Cast Away is a 2000 film directed by Robert Zemeckis about a FedEx employee named Chuck Noland, played by Tom Hanks, that is stranded on an island in the middle of the ocean. Hanks’ character is a hard working man that is forced to travel a lot. However, one of his flights crashes in the middle of the Pacific Ocean. Noland is able to save himself from the wreckage but find himself stranded on an island. The movie follows the time that he spends on the island, and eventually in a search for companionship, he befriends a volleyball that washes to shore in a FedEx package. Noland names the volleyball Wilson after its brand, and their relationship grows as he tries to escape the island.
Wilson’s product placement in Cast Away is one of the most famous examples of product placement in movies, but it isn’t true product placement as Wilson didn’t actually pay to put their brand in the movie. Zemeckis also did not pay Wilson for the use of their product. Robert Zemeckis states that “there was absolutely no product placement. We weren’t paid by anybody to place products in the movie.” (legendsrevealed.com) Wilson was actually chosen when the screenwriter, William Broyles Jr., was walking on a beach and found a Wilson volleyball washed up on the shore. Despite this, both Wilson and Cast Away benefited from the product placement.
In an article by Michael L. Maynard, chair of the Department of Advertising at Temple University, and Megan Scala, a PhD candidate at Temple University, called Unpaid Advertising: A Case of Wilson the Volleyball in Cast Away, Wilson received about eleven minutes of screen time. This is the equivalent of over twenty one commercials of thirty seconds. Maynard and Scala estimate that approximately one hundred million people have seen Cast Away either in theaters or at home. This equates to between 1.85 million and 11.5 million in advertising dollars. Wilson did not have to pay for any of this advertising, so they benefited greatly from the use of their product.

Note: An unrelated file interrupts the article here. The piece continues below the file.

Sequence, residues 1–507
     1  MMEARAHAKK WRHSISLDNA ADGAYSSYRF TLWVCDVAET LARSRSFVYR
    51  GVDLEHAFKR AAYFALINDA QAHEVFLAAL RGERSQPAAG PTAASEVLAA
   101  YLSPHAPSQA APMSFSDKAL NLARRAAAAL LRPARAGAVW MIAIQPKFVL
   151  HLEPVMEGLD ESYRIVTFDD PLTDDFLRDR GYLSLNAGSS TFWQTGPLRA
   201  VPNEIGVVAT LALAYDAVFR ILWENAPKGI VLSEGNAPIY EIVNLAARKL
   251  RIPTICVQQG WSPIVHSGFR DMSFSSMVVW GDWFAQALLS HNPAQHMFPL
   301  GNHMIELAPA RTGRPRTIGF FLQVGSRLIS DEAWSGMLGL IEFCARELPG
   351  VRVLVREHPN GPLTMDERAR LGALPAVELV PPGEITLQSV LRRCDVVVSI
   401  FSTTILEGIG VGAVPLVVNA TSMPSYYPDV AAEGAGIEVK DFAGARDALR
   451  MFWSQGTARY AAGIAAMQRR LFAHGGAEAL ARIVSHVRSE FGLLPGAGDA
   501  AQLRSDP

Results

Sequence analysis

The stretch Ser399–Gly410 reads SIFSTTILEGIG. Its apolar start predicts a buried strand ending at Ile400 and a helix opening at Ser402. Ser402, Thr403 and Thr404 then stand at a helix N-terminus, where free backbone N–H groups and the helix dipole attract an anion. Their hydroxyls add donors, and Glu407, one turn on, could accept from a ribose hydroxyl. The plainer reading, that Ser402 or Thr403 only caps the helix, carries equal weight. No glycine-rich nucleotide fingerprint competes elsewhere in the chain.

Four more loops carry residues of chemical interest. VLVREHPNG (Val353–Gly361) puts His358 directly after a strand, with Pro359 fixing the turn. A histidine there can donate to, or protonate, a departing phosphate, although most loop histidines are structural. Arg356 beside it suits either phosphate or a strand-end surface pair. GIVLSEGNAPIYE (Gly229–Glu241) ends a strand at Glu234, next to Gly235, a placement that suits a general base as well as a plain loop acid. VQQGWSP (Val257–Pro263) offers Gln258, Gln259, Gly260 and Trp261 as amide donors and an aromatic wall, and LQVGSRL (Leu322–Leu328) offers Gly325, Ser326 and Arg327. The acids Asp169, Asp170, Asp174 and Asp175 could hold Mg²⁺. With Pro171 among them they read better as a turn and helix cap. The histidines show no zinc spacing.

Wilson also benefited from the connection made to the volleyball in the movie. In Cast Away, Noland grows more and more attached to the volleyball. Along with Noland, the audience develops a deeper attachment for the volleyball as well. This is a deeper attraction than the audience would normally develop than watching a generic commercial. The audience connects with Wilson as a friend, which makes them more likely to choose the product at a later date. As the movie is rated pg-13, it appeals to the age range that is most likely to play volleyball. Without paying for any advertising, Wilson appeals to their target audience and creates a strong attachment to them.
Cast Away benefits from putting Wilson in their movie as well. Wilson gives an ethos argument of credibility to the movie. Having a big brand name allows the audience to assume that this is a quality movie. If they can have a big brand like Wilson, then they must have the money and capability to produce a good movie. It also makes the movie seem more believable. Wilson is the most recognized volleyball brand, so it makes sense that the volleyball is Wilson. In Everything’s an Argument, the 6th edition, Lunsford and Ruskiewicz state that “showing that you know what you are talking about exerts an ethical appeal…” (26) The audience might have found it strange if the volleyball did not have a brand or was a brand other than Wilson.
I give Wilson four slurpees for its appearance in Cast Away. The movie did an excellent job of creating an attachment to the volleyball. However, the volleyball was never actually used to play volleyball. Despite this, I still gave it four slurpees for the sheer exposure that the movie gave Wilson. It is an iconic image from the movie, and this alone introduces a lot of people to the brand. Wilson, the volleyball, benefits both the brand and the movie Cast Away.